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Friday, October 20, 2006

US says deeply concerned at Georgia-Russia tensions

BRUSSELS, Oct 20 (Reuters) - The United States expressed deep concern on Friday at Georgian-Russian tensions ahead of an EU summit with Russian President Vladimir Putin expected to focus human rights and Georgia.

Speaking after a visit to Georgia and before heading to Russia, U.S. Assistant Secretary of State Daniel Fried called Moscow's sanctions against Georgia regrettable and its harassment and deportations of Georgians "deeply troubling".

Fried also said Washington backed European efforts to help resolve "frozen conflicts" left over from the Cold War, such as the breakaway South Ossetia and Abkhazia regions, which underlie the tensions between Tbilisi and Moscow.

"All of these issues are gravely complicated by the current tensions," Fried told a news briefing in Brussels, where he met EU and NATO officials. "We are obviously deeply concerned."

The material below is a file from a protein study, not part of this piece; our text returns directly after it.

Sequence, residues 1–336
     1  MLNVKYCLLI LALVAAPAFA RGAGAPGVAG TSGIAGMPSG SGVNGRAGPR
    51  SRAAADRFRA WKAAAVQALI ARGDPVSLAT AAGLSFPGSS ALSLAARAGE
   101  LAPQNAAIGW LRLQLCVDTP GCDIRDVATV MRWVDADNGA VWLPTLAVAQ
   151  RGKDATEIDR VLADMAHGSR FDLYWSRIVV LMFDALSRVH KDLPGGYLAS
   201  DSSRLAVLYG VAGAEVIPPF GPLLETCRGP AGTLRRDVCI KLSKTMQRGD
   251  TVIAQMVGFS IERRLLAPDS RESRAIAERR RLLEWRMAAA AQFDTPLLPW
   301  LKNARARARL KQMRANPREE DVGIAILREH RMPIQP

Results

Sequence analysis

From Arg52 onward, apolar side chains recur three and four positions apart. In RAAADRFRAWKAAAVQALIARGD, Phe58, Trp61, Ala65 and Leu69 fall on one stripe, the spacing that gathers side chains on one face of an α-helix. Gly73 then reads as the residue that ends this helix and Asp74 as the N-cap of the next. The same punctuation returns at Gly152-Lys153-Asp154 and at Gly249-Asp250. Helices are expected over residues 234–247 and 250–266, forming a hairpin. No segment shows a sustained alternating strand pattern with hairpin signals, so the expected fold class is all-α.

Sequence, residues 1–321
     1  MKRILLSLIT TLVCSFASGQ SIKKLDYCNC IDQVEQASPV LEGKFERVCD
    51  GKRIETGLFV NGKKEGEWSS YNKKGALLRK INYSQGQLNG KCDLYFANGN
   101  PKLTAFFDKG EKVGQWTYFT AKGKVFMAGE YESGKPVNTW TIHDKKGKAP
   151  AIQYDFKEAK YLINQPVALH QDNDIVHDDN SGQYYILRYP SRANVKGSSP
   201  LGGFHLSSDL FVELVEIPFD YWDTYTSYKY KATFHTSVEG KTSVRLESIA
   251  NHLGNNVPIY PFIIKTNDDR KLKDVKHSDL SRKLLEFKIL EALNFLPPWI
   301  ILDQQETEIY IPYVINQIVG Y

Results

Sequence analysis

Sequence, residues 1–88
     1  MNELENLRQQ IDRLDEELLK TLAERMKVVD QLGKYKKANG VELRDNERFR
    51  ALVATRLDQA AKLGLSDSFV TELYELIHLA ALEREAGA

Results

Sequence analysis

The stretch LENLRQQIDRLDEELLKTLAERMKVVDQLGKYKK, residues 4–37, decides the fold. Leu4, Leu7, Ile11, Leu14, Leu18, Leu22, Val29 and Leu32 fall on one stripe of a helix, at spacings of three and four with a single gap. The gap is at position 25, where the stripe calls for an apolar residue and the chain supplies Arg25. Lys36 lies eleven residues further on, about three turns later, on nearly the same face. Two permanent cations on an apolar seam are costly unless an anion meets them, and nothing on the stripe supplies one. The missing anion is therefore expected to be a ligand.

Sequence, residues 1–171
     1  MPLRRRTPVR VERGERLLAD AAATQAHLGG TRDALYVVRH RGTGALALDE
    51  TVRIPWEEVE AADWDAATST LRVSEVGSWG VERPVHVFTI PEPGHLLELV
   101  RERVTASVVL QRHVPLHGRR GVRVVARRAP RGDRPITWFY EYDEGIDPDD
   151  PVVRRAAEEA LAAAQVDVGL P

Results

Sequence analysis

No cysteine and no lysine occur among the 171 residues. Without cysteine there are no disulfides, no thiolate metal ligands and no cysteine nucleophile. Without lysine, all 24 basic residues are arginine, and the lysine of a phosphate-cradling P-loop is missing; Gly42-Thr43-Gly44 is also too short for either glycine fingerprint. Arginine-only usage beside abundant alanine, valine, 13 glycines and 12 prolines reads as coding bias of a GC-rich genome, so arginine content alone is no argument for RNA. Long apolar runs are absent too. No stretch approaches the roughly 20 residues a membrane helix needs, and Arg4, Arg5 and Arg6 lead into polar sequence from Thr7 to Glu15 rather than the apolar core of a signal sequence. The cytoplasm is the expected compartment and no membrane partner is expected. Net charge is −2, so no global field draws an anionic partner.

Fried said he had urged Georgia to do all it could to work with Russia and stressed there were no military solutions to conflicts in the breakaway South Ossetia and Abkhazia regions.

"Military options make no sense under any circumstances," he said. "They (Georgia) must do everything they can to promote peaceful solutions. We do not support military options, period."

Accusations that Georgia was planning to seize back Abkhazia by force were among official explanations given by Russia for the sanctions it imposed on Georgia last month.

But Fried said the Georgian government had assured him that it viewed military options as "catastrophes to be avoided".

Moscow has never officially suggested it could recognise the independence of Abkhazia, where a majority of the population carries a Russian passport.

But Russian officials have said that if the Serbian province of Kosovo is given independence, similar requests from Abkhazia, South Ossetia and Moldova's separatist Transdniestria province could gain more legitimacy.

Fried welcomed an EU statement ahead of Friday's EU summit with Putin in Finland that criticised Moscow's treatment of Georgia.

"A strong, modern Russia is a Russia that ought to be able to get along with its neighbours," he said. "Georgia and Russia are neighbours ... they need to find ways to live together, to work together, to cooperate. Tensions do not do any good."

EU president Finland invited Putin for dinner with the 25 EU leaders to discuss energy ties. But the assassination of journalist Anna Politkovskaya and the Kremlin's heavy-handed treatment of former Soviet Georgia have heightened European concerns have soured the mood.
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